Today at Broadswords and Blasters, I talk about one of those movies I can point to and say “Yep, this was a touchstone of my youth.”

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Dark Magic. Sword fights. Magical transformations. Prophecy. An evil queen and a good sorceress. A small magician whose one good trick is making a pig disappear. And brownies! (No, not those kind… but given how they act in the film…)

Of course, I am talking about the 1988 film WILLOW starring Warwick Davis, Val Kilmer, Joanne Whalley, Patricia Hayes, and the scenery chewing skills of Jean Marsh as the evil queen Bavmorda. WILLOW’s story was written by George Lucas (but notably not the screen play) and directed by Ron Howard.

sorsha willow Badass redhead warrior woman? Don’t mind if I do.

The action kicks off (as so many fantasy films do), with a prophecy. A child will be born that will lead to Bavmorda’s downfall. How will people know that it is the right child? Well, they’ll be a birthmark noting it as such. Bavmorda though has fully read up on her…

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Demonslayer (Book 2 of The Psychonaut Trilogy)
by Tom G. H. Adams
Writing in Starlight Publications

I’d be lying if I didn’t say I hadn’t been waiting for this book for a while. I originally reviewed the first book in the trilogy, The Psychonaut, back in 2016, and to say that this is a strong follow-up is an understatement. I’ll also come out and say that yes, you really do need to read the first book in the series to make heads or tales of what is going on in this book.Demonslayer: Book 2 in The Psychonaut Trilogy by [Adams, Tom G.H.]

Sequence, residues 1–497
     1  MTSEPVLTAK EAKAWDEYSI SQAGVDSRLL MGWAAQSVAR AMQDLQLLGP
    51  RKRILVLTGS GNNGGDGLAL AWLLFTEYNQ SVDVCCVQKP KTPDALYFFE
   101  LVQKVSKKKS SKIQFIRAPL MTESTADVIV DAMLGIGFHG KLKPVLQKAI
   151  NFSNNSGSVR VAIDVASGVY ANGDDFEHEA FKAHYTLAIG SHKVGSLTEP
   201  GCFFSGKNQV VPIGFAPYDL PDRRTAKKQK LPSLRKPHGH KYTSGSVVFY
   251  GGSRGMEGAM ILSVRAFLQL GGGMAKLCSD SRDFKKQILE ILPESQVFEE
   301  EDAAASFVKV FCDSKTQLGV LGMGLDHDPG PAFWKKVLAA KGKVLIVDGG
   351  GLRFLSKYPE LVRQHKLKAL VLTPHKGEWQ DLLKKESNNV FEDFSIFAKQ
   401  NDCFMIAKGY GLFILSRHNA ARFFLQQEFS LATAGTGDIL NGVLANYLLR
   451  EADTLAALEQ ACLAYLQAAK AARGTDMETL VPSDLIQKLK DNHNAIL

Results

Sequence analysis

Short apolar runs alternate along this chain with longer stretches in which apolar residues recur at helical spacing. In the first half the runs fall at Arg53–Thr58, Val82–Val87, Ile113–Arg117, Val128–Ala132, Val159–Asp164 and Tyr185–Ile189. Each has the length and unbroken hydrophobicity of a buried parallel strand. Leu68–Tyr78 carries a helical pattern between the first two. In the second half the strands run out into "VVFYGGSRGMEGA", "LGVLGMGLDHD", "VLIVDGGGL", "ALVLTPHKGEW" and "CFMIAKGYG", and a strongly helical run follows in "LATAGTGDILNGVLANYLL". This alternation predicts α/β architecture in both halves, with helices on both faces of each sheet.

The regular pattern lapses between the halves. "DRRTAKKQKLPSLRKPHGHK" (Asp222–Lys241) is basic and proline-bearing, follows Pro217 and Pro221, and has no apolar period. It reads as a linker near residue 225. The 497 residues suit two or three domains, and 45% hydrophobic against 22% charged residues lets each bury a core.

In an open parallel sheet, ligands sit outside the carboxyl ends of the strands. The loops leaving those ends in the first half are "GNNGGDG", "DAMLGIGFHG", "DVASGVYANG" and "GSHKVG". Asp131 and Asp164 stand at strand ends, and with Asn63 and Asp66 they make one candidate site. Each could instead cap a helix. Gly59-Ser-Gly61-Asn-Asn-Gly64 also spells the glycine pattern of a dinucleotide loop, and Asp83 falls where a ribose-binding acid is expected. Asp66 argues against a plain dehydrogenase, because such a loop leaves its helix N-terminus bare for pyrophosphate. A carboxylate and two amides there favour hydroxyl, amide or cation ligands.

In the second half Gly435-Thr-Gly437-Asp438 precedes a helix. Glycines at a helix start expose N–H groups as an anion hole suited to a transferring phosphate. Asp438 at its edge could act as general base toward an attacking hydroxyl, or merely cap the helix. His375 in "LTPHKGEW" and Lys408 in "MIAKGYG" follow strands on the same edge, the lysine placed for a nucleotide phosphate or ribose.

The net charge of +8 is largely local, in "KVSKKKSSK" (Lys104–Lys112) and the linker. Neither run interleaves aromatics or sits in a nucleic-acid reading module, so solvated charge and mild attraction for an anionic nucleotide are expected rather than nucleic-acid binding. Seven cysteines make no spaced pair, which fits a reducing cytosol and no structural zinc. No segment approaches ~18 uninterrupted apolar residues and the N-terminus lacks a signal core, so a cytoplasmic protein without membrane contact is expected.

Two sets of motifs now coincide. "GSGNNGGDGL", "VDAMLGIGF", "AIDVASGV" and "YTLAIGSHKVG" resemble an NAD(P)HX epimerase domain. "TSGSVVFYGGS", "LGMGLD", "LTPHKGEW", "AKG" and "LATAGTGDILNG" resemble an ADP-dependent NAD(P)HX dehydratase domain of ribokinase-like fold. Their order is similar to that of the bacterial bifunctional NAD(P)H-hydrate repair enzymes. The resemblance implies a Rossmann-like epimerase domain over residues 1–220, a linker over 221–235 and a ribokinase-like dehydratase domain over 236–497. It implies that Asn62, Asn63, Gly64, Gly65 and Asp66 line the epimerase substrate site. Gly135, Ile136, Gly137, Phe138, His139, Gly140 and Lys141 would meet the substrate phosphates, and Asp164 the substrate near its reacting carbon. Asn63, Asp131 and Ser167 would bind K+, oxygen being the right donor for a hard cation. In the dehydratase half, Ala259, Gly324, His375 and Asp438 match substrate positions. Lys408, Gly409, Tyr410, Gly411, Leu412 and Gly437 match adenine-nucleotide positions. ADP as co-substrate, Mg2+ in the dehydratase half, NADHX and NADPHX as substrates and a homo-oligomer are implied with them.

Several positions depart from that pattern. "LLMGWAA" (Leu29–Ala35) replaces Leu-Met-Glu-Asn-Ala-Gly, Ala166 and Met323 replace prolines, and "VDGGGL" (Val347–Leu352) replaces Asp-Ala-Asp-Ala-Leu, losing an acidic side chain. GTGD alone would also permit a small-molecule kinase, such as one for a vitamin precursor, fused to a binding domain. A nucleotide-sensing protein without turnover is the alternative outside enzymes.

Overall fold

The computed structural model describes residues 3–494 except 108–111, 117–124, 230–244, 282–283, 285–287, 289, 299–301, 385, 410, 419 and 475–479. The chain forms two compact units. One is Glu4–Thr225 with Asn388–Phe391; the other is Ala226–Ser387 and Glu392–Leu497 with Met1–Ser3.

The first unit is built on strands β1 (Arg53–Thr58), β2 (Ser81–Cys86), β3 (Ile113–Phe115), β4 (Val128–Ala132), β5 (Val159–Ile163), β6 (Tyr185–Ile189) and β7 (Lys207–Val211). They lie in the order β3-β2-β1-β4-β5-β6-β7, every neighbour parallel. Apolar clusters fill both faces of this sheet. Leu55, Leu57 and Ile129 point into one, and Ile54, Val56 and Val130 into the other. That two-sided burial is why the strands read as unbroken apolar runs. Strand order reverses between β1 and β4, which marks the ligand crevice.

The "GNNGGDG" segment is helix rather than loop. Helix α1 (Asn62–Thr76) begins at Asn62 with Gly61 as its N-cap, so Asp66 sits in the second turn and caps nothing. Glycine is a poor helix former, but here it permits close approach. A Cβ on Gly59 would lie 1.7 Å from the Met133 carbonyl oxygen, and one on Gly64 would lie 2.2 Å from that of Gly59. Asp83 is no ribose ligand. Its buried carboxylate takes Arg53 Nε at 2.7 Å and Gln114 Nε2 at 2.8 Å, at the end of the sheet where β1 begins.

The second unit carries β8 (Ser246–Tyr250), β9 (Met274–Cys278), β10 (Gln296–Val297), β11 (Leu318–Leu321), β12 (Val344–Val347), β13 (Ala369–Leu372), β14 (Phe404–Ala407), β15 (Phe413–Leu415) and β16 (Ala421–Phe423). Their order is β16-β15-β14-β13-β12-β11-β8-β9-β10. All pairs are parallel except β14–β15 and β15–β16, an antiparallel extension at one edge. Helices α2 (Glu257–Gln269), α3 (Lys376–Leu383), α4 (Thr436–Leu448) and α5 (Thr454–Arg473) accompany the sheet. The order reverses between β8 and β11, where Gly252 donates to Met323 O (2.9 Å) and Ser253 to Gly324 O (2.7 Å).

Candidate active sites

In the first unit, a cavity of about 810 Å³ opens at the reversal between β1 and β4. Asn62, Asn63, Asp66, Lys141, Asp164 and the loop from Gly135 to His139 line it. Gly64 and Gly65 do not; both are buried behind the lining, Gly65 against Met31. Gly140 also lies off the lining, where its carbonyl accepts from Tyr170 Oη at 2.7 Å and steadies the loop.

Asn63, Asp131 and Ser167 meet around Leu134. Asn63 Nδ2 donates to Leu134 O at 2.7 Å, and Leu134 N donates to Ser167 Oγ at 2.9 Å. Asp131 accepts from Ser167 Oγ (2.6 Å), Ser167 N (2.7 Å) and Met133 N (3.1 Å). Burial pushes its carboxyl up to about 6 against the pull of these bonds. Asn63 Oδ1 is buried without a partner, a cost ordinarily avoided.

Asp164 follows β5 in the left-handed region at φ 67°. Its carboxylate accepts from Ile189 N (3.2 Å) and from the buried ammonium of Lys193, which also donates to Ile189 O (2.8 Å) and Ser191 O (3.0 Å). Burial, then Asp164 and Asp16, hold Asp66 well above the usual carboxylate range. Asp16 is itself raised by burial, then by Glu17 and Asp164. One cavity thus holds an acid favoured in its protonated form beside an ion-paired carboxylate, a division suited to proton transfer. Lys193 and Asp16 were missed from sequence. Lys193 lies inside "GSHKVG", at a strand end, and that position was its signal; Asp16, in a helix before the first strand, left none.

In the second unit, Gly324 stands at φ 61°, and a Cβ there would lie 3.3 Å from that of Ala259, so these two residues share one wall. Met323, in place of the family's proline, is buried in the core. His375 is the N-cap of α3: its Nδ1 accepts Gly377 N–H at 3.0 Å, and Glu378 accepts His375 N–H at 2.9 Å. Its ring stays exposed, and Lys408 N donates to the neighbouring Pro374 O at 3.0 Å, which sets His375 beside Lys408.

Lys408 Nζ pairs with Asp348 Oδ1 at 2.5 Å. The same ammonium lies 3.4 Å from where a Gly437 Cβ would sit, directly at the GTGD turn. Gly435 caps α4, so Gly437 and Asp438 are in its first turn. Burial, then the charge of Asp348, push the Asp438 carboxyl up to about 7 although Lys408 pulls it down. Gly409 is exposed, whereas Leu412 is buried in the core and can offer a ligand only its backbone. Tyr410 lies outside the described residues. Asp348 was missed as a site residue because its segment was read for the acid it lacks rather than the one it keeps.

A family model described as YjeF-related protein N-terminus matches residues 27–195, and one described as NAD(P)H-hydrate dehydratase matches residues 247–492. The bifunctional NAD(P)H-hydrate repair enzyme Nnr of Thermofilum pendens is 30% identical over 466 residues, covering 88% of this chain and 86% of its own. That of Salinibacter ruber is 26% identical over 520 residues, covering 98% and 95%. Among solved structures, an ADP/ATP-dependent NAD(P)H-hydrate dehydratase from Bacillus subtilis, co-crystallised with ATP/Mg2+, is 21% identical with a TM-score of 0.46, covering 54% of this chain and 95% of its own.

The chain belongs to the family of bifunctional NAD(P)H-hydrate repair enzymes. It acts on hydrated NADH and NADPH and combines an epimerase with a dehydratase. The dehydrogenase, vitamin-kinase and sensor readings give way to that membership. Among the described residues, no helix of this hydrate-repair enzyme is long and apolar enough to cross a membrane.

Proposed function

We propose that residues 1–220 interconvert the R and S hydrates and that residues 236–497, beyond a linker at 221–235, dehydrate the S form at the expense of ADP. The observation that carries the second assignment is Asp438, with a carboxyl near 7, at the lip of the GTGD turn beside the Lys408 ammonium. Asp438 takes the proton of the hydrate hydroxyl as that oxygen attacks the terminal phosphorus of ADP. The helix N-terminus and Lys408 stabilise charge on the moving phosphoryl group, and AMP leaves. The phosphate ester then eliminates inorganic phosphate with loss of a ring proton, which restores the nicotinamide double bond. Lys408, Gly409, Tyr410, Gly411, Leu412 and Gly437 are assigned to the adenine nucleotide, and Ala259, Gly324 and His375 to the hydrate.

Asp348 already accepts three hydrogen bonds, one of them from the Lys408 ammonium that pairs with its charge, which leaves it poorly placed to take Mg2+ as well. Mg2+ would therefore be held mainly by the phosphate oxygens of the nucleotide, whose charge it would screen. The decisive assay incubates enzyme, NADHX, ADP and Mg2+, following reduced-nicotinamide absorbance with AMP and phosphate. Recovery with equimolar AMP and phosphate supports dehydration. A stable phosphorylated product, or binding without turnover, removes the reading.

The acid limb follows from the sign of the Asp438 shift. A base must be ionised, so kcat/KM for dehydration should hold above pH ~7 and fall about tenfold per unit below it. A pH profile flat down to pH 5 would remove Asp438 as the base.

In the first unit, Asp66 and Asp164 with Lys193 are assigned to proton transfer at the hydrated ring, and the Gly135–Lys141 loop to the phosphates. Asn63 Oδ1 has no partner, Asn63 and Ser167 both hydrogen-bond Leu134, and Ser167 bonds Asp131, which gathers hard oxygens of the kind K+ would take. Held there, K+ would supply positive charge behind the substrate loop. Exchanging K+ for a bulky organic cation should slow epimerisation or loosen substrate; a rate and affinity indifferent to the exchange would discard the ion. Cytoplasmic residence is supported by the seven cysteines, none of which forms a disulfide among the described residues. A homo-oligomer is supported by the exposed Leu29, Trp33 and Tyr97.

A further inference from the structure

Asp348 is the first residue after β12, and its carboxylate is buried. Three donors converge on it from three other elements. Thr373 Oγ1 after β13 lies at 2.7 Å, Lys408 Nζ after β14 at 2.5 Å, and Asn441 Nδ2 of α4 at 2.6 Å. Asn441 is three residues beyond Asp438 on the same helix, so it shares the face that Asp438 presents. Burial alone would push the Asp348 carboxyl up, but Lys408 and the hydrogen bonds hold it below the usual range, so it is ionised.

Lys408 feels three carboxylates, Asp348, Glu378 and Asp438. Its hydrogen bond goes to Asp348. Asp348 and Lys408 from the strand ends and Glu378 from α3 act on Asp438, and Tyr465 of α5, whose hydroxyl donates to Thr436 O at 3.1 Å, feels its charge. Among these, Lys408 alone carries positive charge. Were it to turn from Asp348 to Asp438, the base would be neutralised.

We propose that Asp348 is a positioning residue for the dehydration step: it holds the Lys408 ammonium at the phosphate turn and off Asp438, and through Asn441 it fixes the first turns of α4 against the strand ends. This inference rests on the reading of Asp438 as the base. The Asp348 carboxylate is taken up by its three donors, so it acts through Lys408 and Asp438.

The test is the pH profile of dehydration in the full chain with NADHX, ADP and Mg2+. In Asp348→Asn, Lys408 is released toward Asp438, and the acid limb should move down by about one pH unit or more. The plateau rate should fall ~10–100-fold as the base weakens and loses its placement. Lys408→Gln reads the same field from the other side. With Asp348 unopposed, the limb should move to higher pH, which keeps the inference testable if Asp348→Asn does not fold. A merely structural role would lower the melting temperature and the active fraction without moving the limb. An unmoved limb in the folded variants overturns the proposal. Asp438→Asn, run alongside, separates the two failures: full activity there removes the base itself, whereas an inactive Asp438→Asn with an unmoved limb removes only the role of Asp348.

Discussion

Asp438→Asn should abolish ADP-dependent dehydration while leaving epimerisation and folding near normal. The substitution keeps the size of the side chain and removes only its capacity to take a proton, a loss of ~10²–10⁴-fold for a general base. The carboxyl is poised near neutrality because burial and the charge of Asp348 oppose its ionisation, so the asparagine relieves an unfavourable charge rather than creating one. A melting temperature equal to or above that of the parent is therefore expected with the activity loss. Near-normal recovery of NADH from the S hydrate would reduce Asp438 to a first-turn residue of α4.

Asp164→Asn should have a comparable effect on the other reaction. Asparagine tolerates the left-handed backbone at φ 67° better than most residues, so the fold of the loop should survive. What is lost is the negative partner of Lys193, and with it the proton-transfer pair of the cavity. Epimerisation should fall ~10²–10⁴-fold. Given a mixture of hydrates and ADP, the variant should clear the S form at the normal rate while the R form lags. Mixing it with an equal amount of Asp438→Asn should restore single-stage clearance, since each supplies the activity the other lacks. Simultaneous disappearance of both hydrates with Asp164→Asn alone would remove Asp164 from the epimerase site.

It picks up where the last book left off. Merrick Whyte, former corporate negotiator, has come into his own power as a Psychonaut, one that can traverse different realms and can use the power of his mind to well… kill people. A new threat is on the horizon, however, as a demon threatens to Uncreate everything. Meanwhile, there is an anti-occult group with designs on Merrick and his friends, and there is a police officer who has decided that Merrick must die, damn the collateral damage.

What follows is an intricate story that weaves between the colliding plots and subplots. Demigods, fanatics, and the end of the world (isn’t it always?) combine to make a truly thrilling tale that will keep readers on edge. And yes, having some knowledge of Thelema and Aleister Crowley does help with a deeper appreciation of the story.

The biggest downside for me is I really wished Adams had developed some of the secondary characters a bit more. Also, there are some momentous events that occur that get little more than a summation by the characters. Obviously, there are always choices to be made in writing, but I for one hope to see more of Adams’ cast of characters rounded out.

As always, Adams does not shy away from the grotesque, but DEMONSLAYER wasn’t nearly as graphic as THE PSYCHONAUT, but his villains still manage to feel threatening.

Highly recommended if you enjoy thrillers and urban fantasy that weighs heavy on the occult.

DEMONSLAYER is available on amazon.

Death Pacts and Left-Hand Paths
by John Wayne Comunale
Grindhouse Press

You know, I didn’t make any New Years’ resolutions this year, in the main because they have a way of petering out around the middle of February. But one goal I am setting for myself is to read more indie press work. And hey, you know what an advantage is to running your own indie mag? Getting exposed to a bunch of new writers that would otherwise fly under the radar.

One such writer is John Wayne Comunale[1], a Texas based three-way threat who performs with the horrorpunk outfit johnwayneisdead. I decided to see if his long form fic could hold up to the promise of his short fic, and he didn’t fail to deliver.

DEATH PACTS AND LEFT-HAND PATHS follows the travails of a small-time loser, stuck in a dead end job and lusting fruitlessly after a co-worker. His solution? Rather than looking to better himself, he decides to take the short cut of summoning an otherworldly entity, a foulmouthed, chain smoking perverse imp. And yeah, the imp can help… but there’s always a catch. And someone’s going to have to pay it.